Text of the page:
Monday Music

Under the Rose
Rahim AlHaj – Oud
OL – Flamenco Guitar
Jon Gagan – Bass + Keybaords
Barrett Martin – drums + percussion

Produced by Jon Gagan @ The Electric Company (((Jon also recorded, edited, mixed and mastered the music!! What a guy!!))

Download the 320kbps mp4 file here.

I will leave to have breakfast with Rahim and Jon in a few minutes. Stevo and Rusty will arrive today  and rehearsals will start tomorrow.

A few hours later:
Had a great meeting with Rahim and Jon. I had been pushing to release the album we recorded a while ago as a free download on a dedicated web-page that would also have links to a few, maybe three, Iraqi charities, with the suggestion to donate whatever amount people were willing to give. Rahim wants to a have an actual CD out, and we agreed that we could very well do both. The income from the sale of the CD would go to Iraqi charities as well and the musicians agreed not to take any money. As a tentative release date for the CD and the download-web-page early September was suggested. Under the Rose would be the first piece on the album and possible the title track. I suggested adding Arabic calligraphy to the English title, possibly the Arabic word for Peace. The title Under the Rose was suggested by me and alludes to Sufi history. Sufi masters had regular lives, regular jobs – they were often Stone Masons – and often had families. They did not live in temples or cloisters or centers, but taught small groups in their personal homes. For hundreds of years a rose above the entrance to a house was the sign that a Sufi master lived and taught at that location.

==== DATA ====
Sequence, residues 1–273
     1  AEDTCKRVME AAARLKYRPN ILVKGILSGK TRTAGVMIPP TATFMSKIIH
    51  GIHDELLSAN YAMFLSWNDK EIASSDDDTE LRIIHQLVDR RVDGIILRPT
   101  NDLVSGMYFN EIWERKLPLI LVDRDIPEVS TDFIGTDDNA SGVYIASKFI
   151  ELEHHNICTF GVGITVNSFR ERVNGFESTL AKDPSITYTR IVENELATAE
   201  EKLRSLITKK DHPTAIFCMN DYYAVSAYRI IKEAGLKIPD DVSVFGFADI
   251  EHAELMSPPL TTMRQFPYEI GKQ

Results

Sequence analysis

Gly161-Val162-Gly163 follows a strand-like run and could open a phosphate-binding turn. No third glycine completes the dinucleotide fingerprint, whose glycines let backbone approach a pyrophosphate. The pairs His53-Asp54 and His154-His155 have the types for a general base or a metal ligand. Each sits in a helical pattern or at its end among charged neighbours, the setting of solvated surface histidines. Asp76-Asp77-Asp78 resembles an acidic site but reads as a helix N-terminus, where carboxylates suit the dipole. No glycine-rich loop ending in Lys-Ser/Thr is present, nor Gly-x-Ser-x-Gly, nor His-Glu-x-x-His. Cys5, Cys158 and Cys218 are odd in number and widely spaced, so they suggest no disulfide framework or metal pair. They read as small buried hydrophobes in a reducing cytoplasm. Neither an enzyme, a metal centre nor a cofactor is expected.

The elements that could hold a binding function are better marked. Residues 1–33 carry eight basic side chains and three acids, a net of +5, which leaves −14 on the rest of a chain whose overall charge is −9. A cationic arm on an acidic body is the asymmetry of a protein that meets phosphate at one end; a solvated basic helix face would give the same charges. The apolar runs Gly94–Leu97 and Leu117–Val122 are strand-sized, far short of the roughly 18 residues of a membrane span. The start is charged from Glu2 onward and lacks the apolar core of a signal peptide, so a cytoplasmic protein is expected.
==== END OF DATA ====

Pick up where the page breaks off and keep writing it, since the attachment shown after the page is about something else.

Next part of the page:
Rahim has been working on a Sufi-themed album for his own label for release next year, and the three of us will record a track for it at Jon’s studio sometime in April. Recently Rahim recorded another track for that album with Toumani Diabate, the great (((greatest))) Kora player and one of my favorite musicians – see my Diary. I think every track on that album will feature different musicians, including small and large orchestras around the world. Sounds like a wonderful project.

Recipe Tote

recipe tote on Flickr

That’s one strange recipe for Carbonara. It sounds disgusting, but I haven’t tried it, and I am not supposed to diss something I haven’t tried. But come on! Cream? Seafood? Emmental cheese? It’s a joke, right?

Here is the recipe I use.

And then there is this video of the German band Spliff performing Spaghetti Carbonara in 1982. (((check out how the bass solo is drowned out by the guitarist tuning. funny!)))


Old school fixie riding:

It’s called Kunstradfahren in German – Art-Bicycling.

It was quite common in Germany in the Seventies to ride street bikes with regular drop bars turned up, with the ends either facing forward or backward, like you see in the video. I remember riding to school with a bike like that. Un-drop bar?

Saturday Burrito

Friday afternoon I took a walk. Sat down in front of a cafe with a coffee and read a couple of pages…
I am reading Gary Snyder’s book Back on the Fire: Essays on my iPhone (on the free Kindle application) and bookmarked this:

The moon shines on the river
The wind blows through the pines –
who is this long beautiful evening for?

– from the Cheng Dao Ke

Isn’t that wonderful? And here is another passage that struck me. I am quoting Gary Snyder who quotes Gregory Bateson

I would then suggest: as climax forest is to biome, and fungus is to the recycling of energy, so “enlightened mind” is to daily ego mind, and art to the recycling of neglected inner potential. When we deepen ourselves, looking within, understanding ourselves, we come closer to being like a mature ecosystem. Turning away from grazing on the “immediate biomass” of perception, sensation, and thrill…